Define Attention Deficit Disorder

In order to define Attention Deficit Disorder, let us go now to ADHD specialists, Dr. C & Elwood.

Dr. C: ADHD stands for attention deficit hyperactivity disorder.  It is a neurological behavioral disorder which is usually inherited.  We talk about three different kinds: the combined type, the primarily hyperactive/impulsive type, and the primarily inattentive type (formerly known as ADD, Attention Deficit Disorder).  Mostly we focus on the combined type and the inattentive type since we are not certain that the hyperactive impulsive type exists without the inattention.  We used to believe that hyperactivity was the primary feature but now are focusing more on inattention.  In fact, some experts believe that ADHD is an inability to stop thoughts or actions.  If you can’t stop thoughts, it is quite difficult to stay on task.  If you can’t stop actions, you act without thinking.

In the diagnostic manual are lists of symptoms which we use to help us diagnose ADHD.  You need at least 6 inattention symptoms to satisfy that requirement and at least 6 symptoms of hyperactivity and impulsivity to meet that criteria.  Very young children probably need 7 or even 8 symptoms since younger children normally exhibit some of these behaviors.  Even if you have all of the symptoms, without significant impairment, we are not supposed to diagnose ADHD.  In other words, it is not a disorder if it is not interfering with your ability to function.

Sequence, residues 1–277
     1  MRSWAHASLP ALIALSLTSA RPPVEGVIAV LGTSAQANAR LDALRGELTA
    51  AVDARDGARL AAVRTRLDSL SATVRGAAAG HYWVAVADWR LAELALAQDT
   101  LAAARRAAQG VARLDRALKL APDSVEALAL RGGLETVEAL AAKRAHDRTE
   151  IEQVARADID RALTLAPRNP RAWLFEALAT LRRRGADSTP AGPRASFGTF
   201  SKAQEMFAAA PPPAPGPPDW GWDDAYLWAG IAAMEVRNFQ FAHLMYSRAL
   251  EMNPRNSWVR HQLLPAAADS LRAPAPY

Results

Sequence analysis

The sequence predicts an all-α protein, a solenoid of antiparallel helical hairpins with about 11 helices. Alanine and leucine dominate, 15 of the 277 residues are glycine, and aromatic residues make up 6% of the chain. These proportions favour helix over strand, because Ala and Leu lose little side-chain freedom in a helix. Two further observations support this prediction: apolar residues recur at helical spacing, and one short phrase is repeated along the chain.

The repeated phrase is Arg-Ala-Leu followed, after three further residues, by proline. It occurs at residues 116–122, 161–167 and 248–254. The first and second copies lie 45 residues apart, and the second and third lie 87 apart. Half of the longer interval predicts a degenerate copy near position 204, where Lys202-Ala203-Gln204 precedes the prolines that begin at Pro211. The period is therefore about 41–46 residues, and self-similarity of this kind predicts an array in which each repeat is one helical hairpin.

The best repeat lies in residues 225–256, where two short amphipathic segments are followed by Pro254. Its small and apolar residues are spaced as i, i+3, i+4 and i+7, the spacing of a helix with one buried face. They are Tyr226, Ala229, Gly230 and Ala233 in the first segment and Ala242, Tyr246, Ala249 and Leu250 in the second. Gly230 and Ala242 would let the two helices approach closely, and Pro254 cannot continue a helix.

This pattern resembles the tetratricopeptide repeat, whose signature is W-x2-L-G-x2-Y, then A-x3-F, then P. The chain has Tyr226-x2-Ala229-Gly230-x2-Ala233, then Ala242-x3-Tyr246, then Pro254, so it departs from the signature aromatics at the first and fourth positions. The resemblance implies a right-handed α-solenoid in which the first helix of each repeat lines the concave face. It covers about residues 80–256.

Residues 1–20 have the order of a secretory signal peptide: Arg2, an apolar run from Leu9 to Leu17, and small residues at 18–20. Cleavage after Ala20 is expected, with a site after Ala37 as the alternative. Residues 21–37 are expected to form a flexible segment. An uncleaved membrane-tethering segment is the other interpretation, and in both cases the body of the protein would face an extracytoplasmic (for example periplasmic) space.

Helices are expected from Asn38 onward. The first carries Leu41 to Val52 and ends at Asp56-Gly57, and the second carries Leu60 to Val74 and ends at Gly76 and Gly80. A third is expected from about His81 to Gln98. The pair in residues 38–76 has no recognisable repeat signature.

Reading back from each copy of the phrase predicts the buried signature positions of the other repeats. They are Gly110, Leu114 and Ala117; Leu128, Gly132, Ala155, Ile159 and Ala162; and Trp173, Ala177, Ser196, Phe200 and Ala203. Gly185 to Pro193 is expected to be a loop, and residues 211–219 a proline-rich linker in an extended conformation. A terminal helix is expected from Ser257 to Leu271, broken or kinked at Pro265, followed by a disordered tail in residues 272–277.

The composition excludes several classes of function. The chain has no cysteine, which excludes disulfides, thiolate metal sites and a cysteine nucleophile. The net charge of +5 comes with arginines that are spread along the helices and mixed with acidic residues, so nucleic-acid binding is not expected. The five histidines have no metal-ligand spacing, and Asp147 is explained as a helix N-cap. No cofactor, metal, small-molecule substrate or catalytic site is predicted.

There is a lot more that I could say about ADHD.  In fact, that’s why I produced my videos. The only other things that I want to add at this time is that ADHD is the most frequently diagnosed behavioural disorder of childhood.  It is also one of the most controversial, since many people believe that we made it up.  The medication used to treat it is also controversial however newer advances have developed in the last few years.  Most notable is the request by Cephalon inc. for Modafinil to be approved for treating ADHD..  People believe that we want to drug all of the children and turn them into zombies.  I often have wondered what reasonable parent would let a doctor over-medicate a child to that degree.

Elwood: I have always wanted to be a zombie for Halloween.  You mean that it’s not a good idea?

Dr. C: Of course you can dress up like a zombie if you want.  What I’m saying is that parents should never let a doctor over-medicate a child.

Elwood: Dr. C, you need to just say what you mean and not be so confusing.  You need to learn to COMMUNICATE better.

Dr. C: Thank you, Elwood.  I appreciate your input.

For more info on ADHD, check out Dr. Sam Caron’s Introduction to ADHD Video Series.

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